- An incorrectly defined or missed interface for an ASIL Component in the SW Architecture
- An incorrect analysis in the System-level FMEA
- A coding bug
- A missed or incorrect connection between two hardware components in the schematic
- An item in a design or code review checklist that was not verified
- A resistor not populated in the board during manufacturing.
- An incorrect test case or procedure for testing a Safety requirement
Possible scenarios in which systematic faults could occur
As it might be obvious from the above examples,
- Systematic faults can occur in any of the skill areas - System, HW, SW or Manufacturing.
- Systematic faults can occur in any of the work products defined by these skill areas.
Challenges with complete elimination of systematic failures
There are at least couple of reasons why Systematic failures cannot be completely eliminated.
1. Let’s take again the example of any coding bug. What could be the reason for a coding bug? Probably it was sheer negligence by the developer. Probably the developer was over-stressed with a personal life issue. Probably he/she was not aware of coding guidelines. Probably he/she made assumptions. How do we handle these causes? We could definitely devise ‘Organizational’ processes to ensure that the developer is motivated and has the required knowledge, environment and support to do high quality coding. We could ensure that a peer review process by a highly skilled personnel is put in place to catch these coding bugs, so that the random one-off scenario of a developer having a bad day does not hurt Safety at the end. But now, what happens if this highly skilled personnel was having a bad day too and missed to catch the bug? This thought stream gives us the perspective that there is a facet of randomness to Systematic faults. This facet may make it practically difficult to completely eliminate Systematic faults (Caution: We do not mean it is okay to introduce faults! So, please don’t use ‘randomness’ as an excuse and become complacent in your Safety activities!!)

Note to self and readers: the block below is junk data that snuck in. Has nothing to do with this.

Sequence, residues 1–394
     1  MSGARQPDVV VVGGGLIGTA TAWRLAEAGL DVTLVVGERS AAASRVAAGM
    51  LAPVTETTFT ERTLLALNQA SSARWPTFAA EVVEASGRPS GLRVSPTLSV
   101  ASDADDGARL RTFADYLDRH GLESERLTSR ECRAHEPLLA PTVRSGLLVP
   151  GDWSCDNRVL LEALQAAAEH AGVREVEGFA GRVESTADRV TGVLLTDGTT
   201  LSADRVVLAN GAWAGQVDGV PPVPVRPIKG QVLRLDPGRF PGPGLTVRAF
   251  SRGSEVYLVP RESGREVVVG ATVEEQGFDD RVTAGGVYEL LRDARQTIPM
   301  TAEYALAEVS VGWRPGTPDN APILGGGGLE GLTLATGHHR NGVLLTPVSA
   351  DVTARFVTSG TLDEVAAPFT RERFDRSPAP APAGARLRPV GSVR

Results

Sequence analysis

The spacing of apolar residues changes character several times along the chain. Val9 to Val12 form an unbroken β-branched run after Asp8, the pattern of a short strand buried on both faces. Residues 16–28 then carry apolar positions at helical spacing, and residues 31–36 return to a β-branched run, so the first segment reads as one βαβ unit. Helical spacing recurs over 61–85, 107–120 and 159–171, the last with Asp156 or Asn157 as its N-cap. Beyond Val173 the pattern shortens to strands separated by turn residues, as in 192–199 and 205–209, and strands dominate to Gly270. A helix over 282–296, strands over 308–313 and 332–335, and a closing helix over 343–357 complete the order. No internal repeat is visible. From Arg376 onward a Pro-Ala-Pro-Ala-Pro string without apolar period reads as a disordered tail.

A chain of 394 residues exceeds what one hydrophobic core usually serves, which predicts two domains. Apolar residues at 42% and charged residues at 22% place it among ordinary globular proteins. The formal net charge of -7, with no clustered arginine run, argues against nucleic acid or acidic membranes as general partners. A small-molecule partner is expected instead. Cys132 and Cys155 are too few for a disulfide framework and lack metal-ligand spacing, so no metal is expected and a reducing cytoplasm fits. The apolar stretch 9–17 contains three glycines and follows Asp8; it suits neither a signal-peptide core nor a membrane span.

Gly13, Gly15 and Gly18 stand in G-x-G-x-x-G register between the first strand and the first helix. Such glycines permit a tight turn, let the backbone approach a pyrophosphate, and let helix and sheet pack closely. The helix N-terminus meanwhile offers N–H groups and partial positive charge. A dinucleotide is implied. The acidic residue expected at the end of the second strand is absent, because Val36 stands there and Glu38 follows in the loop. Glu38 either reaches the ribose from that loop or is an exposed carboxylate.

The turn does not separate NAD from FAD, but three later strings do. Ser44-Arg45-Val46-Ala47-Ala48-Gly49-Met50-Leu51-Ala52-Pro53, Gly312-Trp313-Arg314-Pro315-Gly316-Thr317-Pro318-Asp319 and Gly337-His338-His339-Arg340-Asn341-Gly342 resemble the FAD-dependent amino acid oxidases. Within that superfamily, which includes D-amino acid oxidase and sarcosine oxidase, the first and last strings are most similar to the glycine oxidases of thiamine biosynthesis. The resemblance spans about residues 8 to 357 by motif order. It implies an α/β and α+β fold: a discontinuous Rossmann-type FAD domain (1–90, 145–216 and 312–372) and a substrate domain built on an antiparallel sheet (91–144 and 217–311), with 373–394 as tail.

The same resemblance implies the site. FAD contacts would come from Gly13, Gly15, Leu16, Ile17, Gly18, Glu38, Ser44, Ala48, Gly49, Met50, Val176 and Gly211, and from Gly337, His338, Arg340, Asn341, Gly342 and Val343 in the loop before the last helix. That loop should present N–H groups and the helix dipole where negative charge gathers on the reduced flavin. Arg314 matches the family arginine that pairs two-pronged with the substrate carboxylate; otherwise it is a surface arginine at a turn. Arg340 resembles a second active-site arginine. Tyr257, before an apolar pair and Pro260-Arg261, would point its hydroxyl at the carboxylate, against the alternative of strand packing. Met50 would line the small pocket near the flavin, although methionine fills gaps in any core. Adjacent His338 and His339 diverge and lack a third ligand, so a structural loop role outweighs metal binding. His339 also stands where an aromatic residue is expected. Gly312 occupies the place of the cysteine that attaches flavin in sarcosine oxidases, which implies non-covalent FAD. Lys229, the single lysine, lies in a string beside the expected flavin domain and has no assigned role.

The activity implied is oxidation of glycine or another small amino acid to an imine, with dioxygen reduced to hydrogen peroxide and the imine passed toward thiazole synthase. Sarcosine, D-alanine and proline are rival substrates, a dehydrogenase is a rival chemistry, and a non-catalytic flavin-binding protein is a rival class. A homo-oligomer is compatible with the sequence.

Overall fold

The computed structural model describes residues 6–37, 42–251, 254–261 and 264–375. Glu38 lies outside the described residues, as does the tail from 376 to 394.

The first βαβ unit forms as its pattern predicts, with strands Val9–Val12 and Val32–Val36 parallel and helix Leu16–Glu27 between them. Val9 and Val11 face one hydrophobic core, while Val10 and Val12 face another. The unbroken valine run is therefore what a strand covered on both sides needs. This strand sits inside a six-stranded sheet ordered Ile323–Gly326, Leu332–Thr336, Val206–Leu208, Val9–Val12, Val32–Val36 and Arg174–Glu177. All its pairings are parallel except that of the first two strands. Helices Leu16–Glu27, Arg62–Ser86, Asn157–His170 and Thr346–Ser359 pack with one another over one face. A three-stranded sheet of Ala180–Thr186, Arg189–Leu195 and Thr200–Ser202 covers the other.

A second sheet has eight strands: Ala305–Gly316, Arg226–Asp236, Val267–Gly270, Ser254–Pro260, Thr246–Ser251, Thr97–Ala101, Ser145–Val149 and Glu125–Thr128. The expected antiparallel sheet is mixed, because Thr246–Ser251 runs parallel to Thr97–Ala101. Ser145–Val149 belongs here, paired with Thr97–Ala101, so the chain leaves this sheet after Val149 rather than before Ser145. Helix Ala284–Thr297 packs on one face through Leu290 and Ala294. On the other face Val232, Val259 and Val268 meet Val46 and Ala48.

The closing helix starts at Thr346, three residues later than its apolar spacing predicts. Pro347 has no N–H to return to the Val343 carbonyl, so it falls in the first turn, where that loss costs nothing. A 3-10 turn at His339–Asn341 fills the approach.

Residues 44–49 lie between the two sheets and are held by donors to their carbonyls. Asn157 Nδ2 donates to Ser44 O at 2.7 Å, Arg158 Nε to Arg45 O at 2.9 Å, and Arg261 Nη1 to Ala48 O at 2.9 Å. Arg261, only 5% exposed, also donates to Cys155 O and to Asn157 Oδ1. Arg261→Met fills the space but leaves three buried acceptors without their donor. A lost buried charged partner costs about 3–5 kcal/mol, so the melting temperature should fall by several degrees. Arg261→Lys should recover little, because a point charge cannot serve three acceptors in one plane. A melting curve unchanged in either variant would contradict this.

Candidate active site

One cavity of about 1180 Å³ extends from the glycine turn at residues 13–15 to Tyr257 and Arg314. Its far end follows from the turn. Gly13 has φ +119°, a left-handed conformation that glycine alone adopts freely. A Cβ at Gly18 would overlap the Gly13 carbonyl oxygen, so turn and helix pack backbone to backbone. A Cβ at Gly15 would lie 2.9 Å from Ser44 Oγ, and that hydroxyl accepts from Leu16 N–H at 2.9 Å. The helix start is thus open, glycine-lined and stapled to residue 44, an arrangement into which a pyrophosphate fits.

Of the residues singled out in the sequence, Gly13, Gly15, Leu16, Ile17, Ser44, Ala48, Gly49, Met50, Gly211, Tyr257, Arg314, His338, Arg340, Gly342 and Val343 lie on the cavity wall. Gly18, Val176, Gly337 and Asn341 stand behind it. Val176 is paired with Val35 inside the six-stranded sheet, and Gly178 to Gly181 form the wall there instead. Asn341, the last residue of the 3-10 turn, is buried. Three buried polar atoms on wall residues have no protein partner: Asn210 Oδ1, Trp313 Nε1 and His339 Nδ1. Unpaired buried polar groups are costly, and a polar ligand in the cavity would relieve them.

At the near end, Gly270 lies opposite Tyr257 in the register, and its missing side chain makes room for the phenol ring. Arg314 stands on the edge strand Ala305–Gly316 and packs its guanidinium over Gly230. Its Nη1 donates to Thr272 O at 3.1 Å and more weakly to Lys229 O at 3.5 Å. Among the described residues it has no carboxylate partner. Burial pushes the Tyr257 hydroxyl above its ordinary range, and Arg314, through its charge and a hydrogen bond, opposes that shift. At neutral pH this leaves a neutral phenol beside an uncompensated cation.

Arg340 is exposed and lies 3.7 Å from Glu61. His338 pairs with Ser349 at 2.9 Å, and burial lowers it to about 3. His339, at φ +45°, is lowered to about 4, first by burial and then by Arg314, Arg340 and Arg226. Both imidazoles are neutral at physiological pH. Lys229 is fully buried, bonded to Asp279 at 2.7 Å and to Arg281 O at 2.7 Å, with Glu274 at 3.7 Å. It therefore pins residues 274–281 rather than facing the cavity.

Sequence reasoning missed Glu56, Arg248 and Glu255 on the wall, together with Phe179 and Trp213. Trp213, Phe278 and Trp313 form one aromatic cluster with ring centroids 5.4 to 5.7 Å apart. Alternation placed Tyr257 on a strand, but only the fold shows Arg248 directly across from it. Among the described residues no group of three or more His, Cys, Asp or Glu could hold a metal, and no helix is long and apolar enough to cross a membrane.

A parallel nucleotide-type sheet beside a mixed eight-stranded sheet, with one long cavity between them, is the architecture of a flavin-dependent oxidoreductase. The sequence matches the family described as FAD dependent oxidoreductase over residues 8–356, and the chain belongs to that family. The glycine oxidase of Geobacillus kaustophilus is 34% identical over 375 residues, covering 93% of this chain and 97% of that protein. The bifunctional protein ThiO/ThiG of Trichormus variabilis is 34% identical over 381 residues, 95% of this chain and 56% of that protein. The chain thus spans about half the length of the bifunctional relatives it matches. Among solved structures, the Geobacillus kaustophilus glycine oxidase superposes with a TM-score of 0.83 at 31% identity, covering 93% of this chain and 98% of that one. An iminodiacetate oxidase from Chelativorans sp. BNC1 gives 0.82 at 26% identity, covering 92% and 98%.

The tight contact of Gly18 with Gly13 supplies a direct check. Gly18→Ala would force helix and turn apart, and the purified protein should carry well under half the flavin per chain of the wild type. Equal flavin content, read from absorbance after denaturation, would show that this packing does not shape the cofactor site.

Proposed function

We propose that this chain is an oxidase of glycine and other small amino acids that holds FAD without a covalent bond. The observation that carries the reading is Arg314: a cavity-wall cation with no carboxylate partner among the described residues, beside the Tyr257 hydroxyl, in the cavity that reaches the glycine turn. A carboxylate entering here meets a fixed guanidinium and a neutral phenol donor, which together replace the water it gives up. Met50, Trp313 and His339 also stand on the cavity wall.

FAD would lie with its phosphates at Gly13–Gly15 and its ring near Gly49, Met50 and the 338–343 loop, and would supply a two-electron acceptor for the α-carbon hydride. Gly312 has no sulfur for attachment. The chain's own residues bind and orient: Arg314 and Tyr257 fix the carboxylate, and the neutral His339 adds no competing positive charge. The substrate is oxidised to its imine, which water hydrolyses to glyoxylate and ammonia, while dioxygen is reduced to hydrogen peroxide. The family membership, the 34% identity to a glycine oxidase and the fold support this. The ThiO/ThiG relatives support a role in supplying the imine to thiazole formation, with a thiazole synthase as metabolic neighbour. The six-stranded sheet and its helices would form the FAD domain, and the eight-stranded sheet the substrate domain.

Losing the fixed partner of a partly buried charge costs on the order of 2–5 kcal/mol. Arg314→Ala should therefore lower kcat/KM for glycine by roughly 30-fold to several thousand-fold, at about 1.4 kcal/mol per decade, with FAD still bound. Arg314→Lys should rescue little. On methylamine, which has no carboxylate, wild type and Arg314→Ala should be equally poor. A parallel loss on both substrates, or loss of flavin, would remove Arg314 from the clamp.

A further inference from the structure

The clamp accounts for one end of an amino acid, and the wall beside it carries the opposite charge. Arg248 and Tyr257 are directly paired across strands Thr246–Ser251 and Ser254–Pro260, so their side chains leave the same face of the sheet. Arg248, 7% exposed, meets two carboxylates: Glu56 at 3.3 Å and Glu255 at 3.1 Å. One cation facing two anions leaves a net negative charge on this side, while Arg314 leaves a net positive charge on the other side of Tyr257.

2. Many Systematic SW failures manifest in a random fashion. If you are someone who has worked on SW, you would have most likely run into an issue which is extremely hard to reproduce or seem to alter its behavior when one attempts to study it. This is often also called a heisenbug. Such issues sometimes take several months of time for analysis. It is often not possible to track down the cause of a Heisenbug, and they are either left unresolved based on an argument of very low probability of occurrence or “fixed” based on the best possible guess on the cause of the failure.
Probability of Systematic failures
As per the Standard, there are “Systematic faults” and “Random HW faults”. Systematic faults are not considered for the probabilistic failure rates calculation; only random HW failures are. For e.g., SW faults are considered to be completely systematic and hence, we do not talk about probability of failure for SW. This is based on an underlying assumption that all Systematic faults can be associated to a specific cause, and once a fix has been made on the design or process, the fault is completely mitigated and will not occur again, or will not result in new faults.
However, we picked up an interesting point of view from exida which challenges this assumption. How often have you seen that a SW fix is done, but the failure reappears again probably in a different context or it breaks something else? And this happened because the design or process measure that was applied was not completely effective. i.e., the right root cause was not analyzed, the method of performing the cause analysis was not correct. Hence, there may be residual Systematic failures that have seeped into the System and either remain latent or reveals itself in a specific circumstance during operation.
Should ISO26262, in its 3rd edition, talk about the contribution of residual Systematic faults towards failure rates?
If you are curious to understand more on the Systematic aspect of random failures, and the randomness of Systematic failures, we strongly suggest you check this webinar out.